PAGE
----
9. My son is currently in 4th grade and, socially, school is so difficult for him with constant stumbles and falls. I’m afraid he doesn’t even try much any more because doing so draws attention to himself and his adult vocabulary and ideas. He is diagnosed PDD-NOS although, when my husband and I first noticed he could read at age two, I simply settled on the certainty that he was a genius (I still think he is). As a mother, I am so frustrated with the lack of social skills help at school, the place where he needs it most, because he doesn’t generalize his skills learned in social skills groups. I don’t know what to do anymore but I worry that the effects of social isolation will affect his mental health more than being in school will help his social skills. Sometimes I just want to pull him out and homeschool him but I’m working. Thank you for sharing your story and to the commentors also. It helps to know the perspective from those of you who have lived the experience.

    1. Your concern about your son censoring himself to avoid drawing attention to his intelligence really hits home with me. I learned early on that “no one likes a smarty pants” which is I guess how I came across to many people. I probably still do at times. We aspies tend to have a lot of knowledge and a need to share it.

      It’s interesting that you mention him not being able to generalize from social skills groups to real life social interactions. I’ve wondered about this for a long time. There are many cases where I know in retrospect that I made a social gaffe but I just wasn’t able to process quickly enough in the moment to “override” my natural response. I think, in terms of mental health, the most important thing you can do for him is to constantly let him know that you love him just the way he is, social stumbles and all. It’s hard being different but having a place where you can feel loved for being your odd self–whether that place is home or my beloved TAG classroom–goes a long way toward making a kid feel good about themselves.

  10. I’m so glad I found your blog! I love the way you write and I can relate to your experiences completely.

  11. “The “but you don’t seem that autistic” comments are the worst. Well, yes, because we’re all making a hellacious amount of effort and have been for as long as we can remember. I have no idea how people expect us to respond. I suppose they think it’s a compliment.”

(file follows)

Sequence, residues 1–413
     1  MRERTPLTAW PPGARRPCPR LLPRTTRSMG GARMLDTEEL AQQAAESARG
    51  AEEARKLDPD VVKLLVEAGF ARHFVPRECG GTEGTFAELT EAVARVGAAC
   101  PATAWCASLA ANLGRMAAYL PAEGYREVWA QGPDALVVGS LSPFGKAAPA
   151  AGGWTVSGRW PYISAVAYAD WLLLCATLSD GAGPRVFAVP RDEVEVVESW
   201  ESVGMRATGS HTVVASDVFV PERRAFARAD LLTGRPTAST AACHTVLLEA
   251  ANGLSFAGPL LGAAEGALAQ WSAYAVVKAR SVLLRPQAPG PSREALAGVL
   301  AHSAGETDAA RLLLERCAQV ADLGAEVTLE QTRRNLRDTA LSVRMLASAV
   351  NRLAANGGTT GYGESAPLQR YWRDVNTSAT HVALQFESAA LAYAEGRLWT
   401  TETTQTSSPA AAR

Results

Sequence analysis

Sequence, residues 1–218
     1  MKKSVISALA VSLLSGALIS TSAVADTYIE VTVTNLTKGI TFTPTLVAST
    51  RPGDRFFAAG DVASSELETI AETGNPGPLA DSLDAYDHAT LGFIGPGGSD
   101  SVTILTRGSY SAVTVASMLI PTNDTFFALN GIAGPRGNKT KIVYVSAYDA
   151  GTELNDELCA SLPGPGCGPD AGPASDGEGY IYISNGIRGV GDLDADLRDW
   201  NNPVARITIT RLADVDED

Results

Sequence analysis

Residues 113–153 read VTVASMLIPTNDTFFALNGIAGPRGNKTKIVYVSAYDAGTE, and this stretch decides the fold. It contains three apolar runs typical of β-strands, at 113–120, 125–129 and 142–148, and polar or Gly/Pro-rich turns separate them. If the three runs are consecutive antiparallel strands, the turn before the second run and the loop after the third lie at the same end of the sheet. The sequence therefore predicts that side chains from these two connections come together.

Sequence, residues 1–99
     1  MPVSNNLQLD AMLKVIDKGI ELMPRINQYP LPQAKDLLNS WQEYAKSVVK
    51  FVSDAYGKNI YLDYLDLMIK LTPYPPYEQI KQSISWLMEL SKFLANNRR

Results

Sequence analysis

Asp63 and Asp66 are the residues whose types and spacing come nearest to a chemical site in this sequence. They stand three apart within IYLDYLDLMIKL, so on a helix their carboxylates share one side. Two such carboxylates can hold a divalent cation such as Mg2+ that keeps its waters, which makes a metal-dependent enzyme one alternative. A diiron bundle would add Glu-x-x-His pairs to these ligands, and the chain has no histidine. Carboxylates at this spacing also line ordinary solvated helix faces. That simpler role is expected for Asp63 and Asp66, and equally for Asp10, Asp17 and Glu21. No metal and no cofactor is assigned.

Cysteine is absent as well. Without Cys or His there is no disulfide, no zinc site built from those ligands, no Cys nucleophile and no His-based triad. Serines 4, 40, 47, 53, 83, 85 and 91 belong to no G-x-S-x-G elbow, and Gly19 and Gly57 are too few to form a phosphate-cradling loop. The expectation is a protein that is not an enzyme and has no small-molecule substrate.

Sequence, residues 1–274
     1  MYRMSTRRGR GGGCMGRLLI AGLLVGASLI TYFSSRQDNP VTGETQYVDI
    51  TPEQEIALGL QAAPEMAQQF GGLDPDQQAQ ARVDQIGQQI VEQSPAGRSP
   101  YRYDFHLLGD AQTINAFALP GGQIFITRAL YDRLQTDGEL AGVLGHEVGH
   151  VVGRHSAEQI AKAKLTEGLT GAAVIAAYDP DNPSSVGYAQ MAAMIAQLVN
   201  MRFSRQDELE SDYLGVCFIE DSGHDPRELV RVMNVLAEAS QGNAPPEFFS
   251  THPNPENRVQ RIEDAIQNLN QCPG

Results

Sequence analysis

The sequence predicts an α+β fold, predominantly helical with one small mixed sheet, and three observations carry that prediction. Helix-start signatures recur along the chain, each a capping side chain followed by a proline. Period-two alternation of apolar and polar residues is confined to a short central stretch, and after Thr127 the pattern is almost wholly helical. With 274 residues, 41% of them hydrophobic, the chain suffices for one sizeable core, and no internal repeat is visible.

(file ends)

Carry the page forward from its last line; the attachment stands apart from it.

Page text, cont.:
When I read that it just makes me want to scream (in a good way). It takes quite a lot of courage to come out and say that I have Asperger’s and then when someone responds like that it just makes me feel like I have been slapped down somehow. It’s like they want you do be ‘normal’ because to acknowledge that you are different means that they have to accept that you are struggling, and that means that they will need to make some kind of extra effort for you. And people really do like to put themselves first most of the time. (Which is stupid because if everyone put everyone else first, everyone would be taken care of. So obvious!)

    Ho hum.

    I vote a stupendous round of applause and mutual back-slapping for all the autistics who try to be integrated in the world (and of course support and love for those who cannot) we are mini-heroes you know!

    1. That’s a good point about people using the “you don’t seem that autistic” to absolve themselves from any responsibility for accommodating or acknowledging our struggles. I’m in the process of writing a post about disclosure and the issues it raises. It seems nearly impossible to disclose and then not have the relationship change, if only in subtle ways.

      And applause all around! We’ve earned it. 🙂

  12. aww, this makes me sad to read how hard others and ultimately you are on yourself for the social skills stuff. It breaks my heart to see how hard my son tries sometimes to play with other kids and to have him ask me what he did wrong when he is rebuffed by them. It takes a whole lot of self control on my part not to say to him what I really feel which is – sometimes people are just @ssholes. So I am going to say it to you now instead. If someone stopped inviting you over because you broke a wine glass and didn’t offer to replace it then they are an @sshole. seriously people irk me, there are more important things in the world for them to focus on. social rules and norms are great in as far as they help us all live together harmoniously but to push them to the point that we use them to judge and humiliate another person instead of looking at what unique and wonderful things they have to offer the world then we have lost the point. {steps off soap box now….}